Hit the road, Chef!

carretera mexicoIt’s that time of year again. It’s the blissful period where school is a far-away thought on the mind of children and many parents. Some people stay at home to celebrate the 4th of July and others hit the road to visit relatives. Wherever you’re going this summer, the Dancing Chefs want you to bring Salsa and Salsa with you!

When you travel in Mexico, whether it’s by boat, bus or car, you will invariably find ‘antojitos’ on any street corner or at any bus stop. Antojitos literally translates to ‘little cravings’. It’s a variety of snacks that are quick to eat and ready to take away. Antojitos are street and market food and most are made with masa, dough made of corn flour and water.


antojitosThe tortilla is made of masa and serves as bread, plate and cutlery at the same time. Quickly baked on a hot griddle or comal, folded with creamy cheese in between, become a quesadilla. Tacos, soft tortillas, are served with beans, chicken, mole or Poblano chili as well as the crunchy tostadas. Thick stuffed gorditas and panuchos or sopes: their rims folded upwards to keep the filling inside or delicious enchiladas: there’s too much to choose from!

Wherever you eat antojitos, you can find gigantic containers filled with agua fresca: refreshing drinks of mixed fruits with water. Bright-green colors of limes, orange colors of melon or mango are lined up to extinguish the fire after a plate of tacos with salsa! There are two favorites that never miss: agua de tamarindo made from the sticky tamarind pods and the deep-red agua de Jamaica made from hibiscus flowers.


queso-fundidoQueso fundido con champiñones y chile poblano

(Melted cheese with mushrooms and poblano chili)

Queso fundido is a tasty appetizer in many Mexican restaurants world-wide. It’s usually served in shallow clay plates with soft flour tortillas. You can use Mexican chorizo too and don’t forget to prepare some spicy Red Salsa!

1 Poblano chili: roasted, skin and seeds removed, cut in slices

2 tbsp butter

Salt and pepper

2 oz. or 60 grams mushrooms, sliced

9 oz or 250 grams grated Chihuahua cheese or Monterrey Jack

10 – 12 flour tortillas

Heat 1 tablespoon of butter in a skillet and shortly fry the poblano chili slices. Sprinkle with salt and pepper and remove from skillet. Heat another tablespoon of butter in the same skillet and bake the mushrooms until softened. Also sprinkle with salt and pepper and remove from skillet.

Grease the inside of 2 cazuelitas or small oven dishes. Place half of the cheese and half of the strips of poblano chili in one dish and the other half of the cheese and half of the mushrooms in the other dish. Cover with aluminum foil and place under a broiler for about 3 minutes until the cheese has melted. Remove the aluminum foil and heat for another 2 minutes until the cheese is bubbly. Add the remaining mushrooms and chili to the dishes.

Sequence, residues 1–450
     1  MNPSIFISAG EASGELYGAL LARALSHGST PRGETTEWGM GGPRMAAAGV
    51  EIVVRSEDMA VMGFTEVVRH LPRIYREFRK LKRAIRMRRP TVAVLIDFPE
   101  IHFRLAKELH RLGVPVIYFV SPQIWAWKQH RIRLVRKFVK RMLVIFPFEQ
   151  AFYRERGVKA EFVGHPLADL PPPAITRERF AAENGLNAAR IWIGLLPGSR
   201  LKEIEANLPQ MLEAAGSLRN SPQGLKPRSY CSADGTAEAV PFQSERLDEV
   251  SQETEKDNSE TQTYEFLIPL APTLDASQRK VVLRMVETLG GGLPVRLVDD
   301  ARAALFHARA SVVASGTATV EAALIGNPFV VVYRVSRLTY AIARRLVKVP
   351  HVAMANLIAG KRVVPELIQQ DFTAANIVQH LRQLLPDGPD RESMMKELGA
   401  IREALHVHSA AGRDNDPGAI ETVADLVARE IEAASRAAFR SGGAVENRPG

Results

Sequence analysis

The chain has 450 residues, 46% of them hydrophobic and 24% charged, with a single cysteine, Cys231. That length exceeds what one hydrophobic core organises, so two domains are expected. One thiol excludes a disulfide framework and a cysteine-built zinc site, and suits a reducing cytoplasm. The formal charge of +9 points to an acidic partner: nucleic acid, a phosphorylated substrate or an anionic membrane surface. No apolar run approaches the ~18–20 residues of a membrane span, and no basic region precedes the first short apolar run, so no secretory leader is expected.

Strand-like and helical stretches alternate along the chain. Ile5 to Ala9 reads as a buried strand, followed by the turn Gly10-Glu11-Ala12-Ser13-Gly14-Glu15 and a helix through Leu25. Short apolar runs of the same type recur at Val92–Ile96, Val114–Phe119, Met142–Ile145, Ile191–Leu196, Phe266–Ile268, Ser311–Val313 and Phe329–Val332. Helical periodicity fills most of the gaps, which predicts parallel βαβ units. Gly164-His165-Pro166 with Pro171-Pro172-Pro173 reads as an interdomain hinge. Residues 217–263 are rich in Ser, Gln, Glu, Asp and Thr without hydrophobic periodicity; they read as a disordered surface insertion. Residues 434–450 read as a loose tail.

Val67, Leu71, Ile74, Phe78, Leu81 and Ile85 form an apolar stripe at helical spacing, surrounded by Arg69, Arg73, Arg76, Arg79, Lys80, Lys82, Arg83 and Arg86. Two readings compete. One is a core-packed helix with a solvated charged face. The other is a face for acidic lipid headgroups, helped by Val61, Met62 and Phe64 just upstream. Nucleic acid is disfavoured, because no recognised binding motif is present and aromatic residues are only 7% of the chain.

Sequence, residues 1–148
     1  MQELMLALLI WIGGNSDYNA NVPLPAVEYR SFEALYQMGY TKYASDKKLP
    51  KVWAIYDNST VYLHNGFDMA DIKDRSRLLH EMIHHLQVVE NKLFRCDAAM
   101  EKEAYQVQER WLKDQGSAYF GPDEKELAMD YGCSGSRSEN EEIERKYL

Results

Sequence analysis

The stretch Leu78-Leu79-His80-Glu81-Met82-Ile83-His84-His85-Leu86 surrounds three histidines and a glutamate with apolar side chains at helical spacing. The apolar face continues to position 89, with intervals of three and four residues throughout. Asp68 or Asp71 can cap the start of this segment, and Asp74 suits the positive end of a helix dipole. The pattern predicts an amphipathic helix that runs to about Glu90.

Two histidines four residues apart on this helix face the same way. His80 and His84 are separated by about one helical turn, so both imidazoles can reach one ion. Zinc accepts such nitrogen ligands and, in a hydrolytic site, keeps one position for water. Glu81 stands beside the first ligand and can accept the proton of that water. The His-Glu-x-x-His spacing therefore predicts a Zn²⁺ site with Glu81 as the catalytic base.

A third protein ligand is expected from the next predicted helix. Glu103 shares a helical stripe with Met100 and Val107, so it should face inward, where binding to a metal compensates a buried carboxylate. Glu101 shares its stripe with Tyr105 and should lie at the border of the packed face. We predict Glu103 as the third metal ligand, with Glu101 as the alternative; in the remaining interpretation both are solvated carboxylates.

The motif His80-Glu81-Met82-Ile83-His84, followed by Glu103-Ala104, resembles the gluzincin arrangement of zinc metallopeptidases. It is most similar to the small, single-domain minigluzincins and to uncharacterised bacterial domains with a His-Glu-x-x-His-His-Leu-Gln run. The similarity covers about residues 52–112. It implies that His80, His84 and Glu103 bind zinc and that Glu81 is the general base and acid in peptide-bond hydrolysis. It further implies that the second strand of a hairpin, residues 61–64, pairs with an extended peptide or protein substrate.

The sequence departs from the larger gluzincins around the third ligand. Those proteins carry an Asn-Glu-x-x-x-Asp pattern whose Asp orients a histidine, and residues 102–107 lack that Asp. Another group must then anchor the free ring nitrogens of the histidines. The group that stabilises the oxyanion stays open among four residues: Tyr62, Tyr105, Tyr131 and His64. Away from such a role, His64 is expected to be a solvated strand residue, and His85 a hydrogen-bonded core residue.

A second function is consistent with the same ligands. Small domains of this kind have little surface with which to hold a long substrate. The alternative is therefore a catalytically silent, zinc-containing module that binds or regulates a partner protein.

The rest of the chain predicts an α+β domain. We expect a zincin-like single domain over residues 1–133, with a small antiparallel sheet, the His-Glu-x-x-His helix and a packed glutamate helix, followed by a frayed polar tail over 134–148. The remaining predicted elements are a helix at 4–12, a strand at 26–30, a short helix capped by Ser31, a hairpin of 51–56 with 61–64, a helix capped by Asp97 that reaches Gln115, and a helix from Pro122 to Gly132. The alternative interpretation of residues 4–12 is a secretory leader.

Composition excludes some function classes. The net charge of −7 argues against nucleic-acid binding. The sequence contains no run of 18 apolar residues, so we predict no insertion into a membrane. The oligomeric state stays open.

Serve warm with flour tortillas, so the cheese can be used to make tacos. This is a very tasty snacks with Pico de gallo.






Mexican Margaritas from the Dancing Chefs

dancing chef stephanie Margaritas are a very typical drink from Mexico and that of course is because its base is TEQUILA!!!!  As you probably know,  you can make margaritas of any flavor, but the key to a delicious margarita is to use fresh ingredients and high quality alcohol.

As a true Dancing Chef, I love to experiment with new flavors that the bartenders, or “cantineros” as we like to call them, come up with. There are some very strange margarita flavors, like: Avocado, Cucumber-Jalapeño and Banana-Peanut Butter. These flavors are really popular among people that LOVE those vegetables or the particular sweetness of peanut butter.

The most popular margaritas are: Lime, Strawberry, Pineapple, Mango and Tamarind. You are probably wondering what tamarind is. Well, not only is it my favorite flavor of margarita, but it is also a very common pod-like fruit which is used extensively around the world.


In Mexico, it is used in sauces or sold in various snack forms: candied, in sweet soft clusters, or dried and salted. It is also prepared as a fresh beverage called Agua de Tamarindo, or as a cocktail Margarita de Tamarindo. Often in Mexico tamarind is plucked off the tree and eaten raw.

Tamarind has a sour flavor that goes perfect with either chili or sugar. Make sure that on your next trip to Mexico you try tamarind in the different ways it is prepared.


15 fresh tamarinds

1/3 cup of sugar

3 cups of water

Peel the tamarind pods and put them in a small pot with 3 cups of water. Let them boil for about 15 minutes and add the sugar. Mix it up and let it cool down. When it’s room temperature, get ready to squeeze! Wash your hands thoroughly and get them in the pot, squeezing the tamarind so the seeds pop out and remove them. Pour the seedless mix into a blender and blend until is smooth.  You just finished your home-made tamarind syrup!!! This can often be used for Tamarind water or a Tamarind Margarita.

Tamarind syrup


1 cup of home-made tamarind syrup

4 oz of tequila

4 oz of orange liqueur

2 limes

2 cups of ice

Chili powder or Salt to rim the glasses

Here we are going to make Tamarind Margaritas. Pour 1 cup of your home-made tamarind syrup,  4 oz of tequila, and 4 oz of orange liqueur in the blender , and squeeze in the juice of two limes. Add 2 cups of ice and blend! Your margarita is ready to pour into your glass, but make sure you rim your glass with lime and then with chili powder  (you can subtitute salt for chili powder). Once the glass is ready, pour in the margarita. You can garnish with a slice of lime or jicama if you’d like.

Now you only need to raise your glass and toast in Salsa and Salsa style: Salud, Dinero y mucho mucho Amor!!!

Margarita tamarindo

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